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Why Do I Need Homeowners Insurance?

Whether you’re buying a new home or you’ve already paid off the mortgage, you may have wondered about the value of home insurance. Do you really need it? The United States Census Bureau states that in 2016 the median price of a new home was nearly $300,000 — which means your home is likely one of, if not the most valuable, assets you have. Homeowners insurance may help protect that investment — and you — in a variety of ways. Here are some of the key reasons it’s important to consider having homeowners insurance.

Here are some of the key reasons it’s important to consider having homeowners insurance.


It May Be Required

If you have a mortgage, your lender is most likely going to require that you have homeowners insurance, says the Insurance Information Institute (III). Before funding your mortgage or refinance, the mortgage company will typically ask you to provide proof that your home is adequately insured. That’s because the lender wants to be sure its financial investment in your home is protected should it be damaged or destroyed by a fire or certain other risks.

If you don’t have a homeowners insurance policy, the Consumer Financial Protection Bureau states that your lender is allowed to buy insurance and charge you for the cost. Keep in mind, however, that the policy the lender obtains may be more expensive than what you can purchase on your own and offer more limited coverage.

Protection for More Than Your Home

While a standard homeowners policy helps provide protection for your house, its coverage typically extends to more than the physical structure of your home. From your personal belongings to the shed in your backyard or even medical bills if a guest is injured on your property, a homeowners insurance policy may include coverage for:

  • Your dwelling. If your home and attached structures, like a deck or garage, are damaged by a covered peril, this coverage may help pay for repairs.
  • Other structures. Your policy may help pay for repairs or replacement for detached structures on your property, like a fence or shed, if they are damaged or destroyed by a covered peril.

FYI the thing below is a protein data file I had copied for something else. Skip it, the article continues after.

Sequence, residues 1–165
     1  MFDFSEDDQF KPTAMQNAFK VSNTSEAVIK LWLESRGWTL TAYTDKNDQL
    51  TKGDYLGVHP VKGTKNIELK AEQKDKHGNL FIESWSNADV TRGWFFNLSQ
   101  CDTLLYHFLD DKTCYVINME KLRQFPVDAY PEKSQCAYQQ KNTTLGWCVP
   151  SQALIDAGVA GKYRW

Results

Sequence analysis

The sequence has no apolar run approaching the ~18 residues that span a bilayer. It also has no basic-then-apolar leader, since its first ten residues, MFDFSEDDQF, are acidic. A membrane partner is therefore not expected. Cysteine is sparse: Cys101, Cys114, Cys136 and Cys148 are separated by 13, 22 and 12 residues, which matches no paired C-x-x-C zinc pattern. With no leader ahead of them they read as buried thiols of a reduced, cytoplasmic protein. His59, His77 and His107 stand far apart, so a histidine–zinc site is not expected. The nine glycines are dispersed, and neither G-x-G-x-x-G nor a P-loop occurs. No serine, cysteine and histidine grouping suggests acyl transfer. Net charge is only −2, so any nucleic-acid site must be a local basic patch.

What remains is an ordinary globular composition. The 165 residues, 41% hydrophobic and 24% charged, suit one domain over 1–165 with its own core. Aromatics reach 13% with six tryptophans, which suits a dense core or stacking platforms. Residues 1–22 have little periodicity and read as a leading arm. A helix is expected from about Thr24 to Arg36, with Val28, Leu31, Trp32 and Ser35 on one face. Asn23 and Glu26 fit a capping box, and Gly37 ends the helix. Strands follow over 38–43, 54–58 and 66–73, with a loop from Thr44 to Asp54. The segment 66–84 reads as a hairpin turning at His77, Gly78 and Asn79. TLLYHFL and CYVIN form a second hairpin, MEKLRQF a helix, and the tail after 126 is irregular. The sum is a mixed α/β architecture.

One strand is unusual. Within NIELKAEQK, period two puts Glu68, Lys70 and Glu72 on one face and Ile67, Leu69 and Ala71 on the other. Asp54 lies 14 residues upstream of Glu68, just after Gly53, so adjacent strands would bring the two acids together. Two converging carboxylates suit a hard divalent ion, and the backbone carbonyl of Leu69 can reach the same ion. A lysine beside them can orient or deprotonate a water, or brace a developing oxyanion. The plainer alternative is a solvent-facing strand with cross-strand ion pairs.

• Personal property. This coverage may help pay to replace certain belongings, including furniture and electronics, that are stolen or damaged by a covered loss.
  • You and your family. If you or a family member are found legally responsible for accidentally damaging someone else’s property or injuring someone, liability coverage may help pay for related repair costs, legal fees and medical bills.
  • Guests. If a visitor is accidentally injured at your home, your policy’s guest medical protection may help pay for their resulting medical bills.
  • Additional living expenses. If you cannot stay in your home after a fire or other covered risk, your homeowners insurance coverage may help pay for temporary increased living costs, such as hotel bills.

It’s important to keep in mind that all coverages come with limits — the maximum amount your policy will pay out after a covered loss. When selecting your coverage limits, be sure to take into consideration things like the potential cost of rebuilding your home or replacing your belongings in the event that they are damaged or destroyed by a fire or other covered peril.

Having a home insurance policy won’t prevent damage to your home or belongings, but it may help provide a financial safety net should the unexpected occur. If you have a policy in place, you may be better equipped to weather a storm or crisis — knowing that your homeowners insurance may help cover the cost of damages and get on your feet again.



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